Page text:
So, it's come to this. With the nonstop news coverage about the fallout from Phil Robertson's “indefinite suspension” from Duck Dynasty, I've decided to write a column to give my thoughts on the matter. The funny thing is that if you asked me about it last week, I'd be the last person who would choose “Duck Dynasty” for an op-ed. Like “The Walking Dead” and “The Fast & the Furious”, I've never watched the TV series Duck Dynasty a single time. Friends of mine keep urging me to at least check out the show. I've promised them I'd view an episode one of these days, but I still haven't gotten around to it. Is that going to change now that Phil Robertson is in trouble and there is an internet blitz to “Stand with Phil”? Sorry, folks. I'm still not interested. Whether the Robertson's are “good Christian men” or not, I just can't get excited about watching a “reality TV show” about a bunch of grubby bearded guys discussing their duck hunting business.
That being said, my lack of enthusiasm for “Duck Dynasty” seems to be a minority viewpoint. The television series is wildly popular across America, and its fourth season premiere drew 11.8 million viewers, making it the most-watched nonfiction cable telecast in history. It also has a huge following among Chicago area viewers, and this week's news story is entirely about the family patriarch being fired for expressing his Christian religious beliefs. Thus, even I have to admit that this is ideal material for me to discuss as Chicago Catholic Examiner.
In short, Robertson is under fire for “anti-gay” remarks. As we learned from the Chick-Fil-A fallout, many social liberals and leading figures in the secular media will claim that some comments are “hateful and homophobic” even if the person who made them never even mentioned gays. In this case, Robertson did indeed mention homosexuality. He stated that he just doesn't understand it, noting that it seems like common sense that a woman’s anatomy is “more desirable” than a man’s for any male. In an interview with CQ Magazine, he noted: “I'm just thinking: There's more there!”, adding “She's got more to offer. I mean, come on, dudes! You know what I'm saying? But hey, sin: It's not logical, my man. It's just not logical." He also quoted a Bible passage about homosexuality, where it mentioned homosexual acts were condemned by God along with drunkenness and various other things.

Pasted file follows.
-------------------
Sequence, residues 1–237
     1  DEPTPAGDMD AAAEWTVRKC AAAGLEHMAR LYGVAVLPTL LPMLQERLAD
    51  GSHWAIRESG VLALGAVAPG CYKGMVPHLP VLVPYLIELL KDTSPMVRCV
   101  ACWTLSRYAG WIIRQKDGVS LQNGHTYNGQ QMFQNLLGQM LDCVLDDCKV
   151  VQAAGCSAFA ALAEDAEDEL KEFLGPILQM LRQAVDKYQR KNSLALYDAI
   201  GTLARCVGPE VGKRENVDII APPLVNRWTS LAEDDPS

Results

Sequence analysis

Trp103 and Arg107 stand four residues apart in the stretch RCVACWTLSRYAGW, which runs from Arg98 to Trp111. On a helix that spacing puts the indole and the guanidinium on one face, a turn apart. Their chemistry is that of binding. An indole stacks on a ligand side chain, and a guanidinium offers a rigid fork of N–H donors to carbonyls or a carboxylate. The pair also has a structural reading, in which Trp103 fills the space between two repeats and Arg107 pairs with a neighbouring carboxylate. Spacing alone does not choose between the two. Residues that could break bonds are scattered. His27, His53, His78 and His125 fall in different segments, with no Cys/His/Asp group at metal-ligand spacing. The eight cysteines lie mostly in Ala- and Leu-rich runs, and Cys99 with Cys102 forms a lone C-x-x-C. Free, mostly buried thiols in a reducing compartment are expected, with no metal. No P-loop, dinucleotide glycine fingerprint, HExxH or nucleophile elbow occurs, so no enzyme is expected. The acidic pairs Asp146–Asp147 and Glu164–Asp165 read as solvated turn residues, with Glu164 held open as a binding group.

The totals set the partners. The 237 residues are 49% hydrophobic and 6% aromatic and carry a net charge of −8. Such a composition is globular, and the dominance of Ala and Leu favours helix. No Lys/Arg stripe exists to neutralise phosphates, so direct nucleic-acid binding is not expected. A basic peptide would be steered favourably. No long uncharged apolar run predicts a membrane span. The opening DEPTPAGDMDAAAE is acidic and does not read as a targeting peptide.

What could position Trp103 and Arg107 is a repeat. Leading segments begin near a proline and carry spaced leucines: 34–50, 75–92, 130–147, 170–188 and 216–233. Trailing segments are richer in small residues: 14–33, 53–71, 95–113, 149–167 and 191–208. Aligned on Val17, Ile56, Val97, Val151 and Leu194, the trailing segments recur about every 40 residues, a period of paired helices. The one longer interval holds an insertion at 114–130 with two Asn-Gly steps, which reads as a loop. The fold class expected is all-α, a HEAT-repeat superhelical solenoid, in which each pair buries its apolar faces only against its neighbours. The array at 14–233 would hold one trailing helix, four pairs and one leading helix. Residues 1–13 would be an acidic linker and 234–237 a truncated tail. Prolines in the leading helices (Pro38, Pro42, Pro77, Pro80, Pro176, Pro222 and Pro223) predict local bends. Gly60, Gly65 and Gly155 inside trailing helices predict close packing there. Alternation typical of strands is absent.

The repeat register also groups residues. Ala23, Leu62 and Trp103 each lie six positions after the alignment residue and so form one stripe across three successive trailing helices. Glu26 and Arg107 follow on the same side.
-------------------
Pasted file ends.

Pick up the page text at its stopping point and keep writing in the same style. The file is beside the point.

I can't say I really feel bad that Robertson is being criticized for his opinion. After all, the only news I've heard from “Duck Dynasty” lately is that some fake “Tea Party” candidate who was against repealing Obamacare won an election thanks to an endorsement from Phil and the rest of the “Duck Dynasty” clan. Since I would have preferred the anti-Obamacare candidate to win, I obviously don't agree with their endorsement in that election. Is this latest move an example of bad karma?
Ultimately though, it is problematic that A&E is not only denouncing Robertson's comments, but removing him from his television show. This seems to be the continuation of a trend in America to destroy and ostracize anyone who practices their Christian faith and believes what the Bible teaches about homosexuality. In fact, given the Chick-Fil-A fallout, we can construe that merely being public about your Christian faith and being openly heterosexual is now a “hate crime” according to some powerful figures in America's political establishment. Even if someone sincerely believes that disagreeing with homosexual relationships is “hateful”, the tactics being used to stop this “hate speech” border on fascism.